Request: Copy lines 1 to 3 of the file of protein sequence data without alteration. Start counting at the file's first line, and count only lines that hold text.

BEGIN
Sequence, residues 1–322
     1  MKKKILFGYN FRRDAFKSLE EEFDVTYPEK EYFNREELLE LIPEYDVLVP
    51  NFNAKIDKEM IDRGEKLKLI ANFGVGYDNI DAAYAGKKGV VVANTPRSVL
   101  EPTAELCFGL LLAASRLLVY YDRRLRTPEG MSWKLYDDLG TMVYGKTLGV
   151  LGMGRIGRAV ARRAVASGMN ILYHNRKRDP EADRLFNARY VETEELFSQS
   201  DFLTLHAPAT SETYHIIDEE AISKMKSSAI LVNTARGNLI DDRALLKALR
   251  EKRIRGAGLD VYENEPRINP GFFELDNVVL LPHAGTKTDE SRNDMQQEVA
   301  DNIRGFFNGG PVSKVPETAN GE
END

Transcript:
Sequence, residues 1–322
     1  MKKKILFGYN FRRDAFKSLE EEFDVTYPEK EYFNREELLE LIPEYDVLVP
    51  NFNAKIDKEM IDRGEKLKLI ANFGVGYDNI DAAYAGKKGV VVANTPRSVL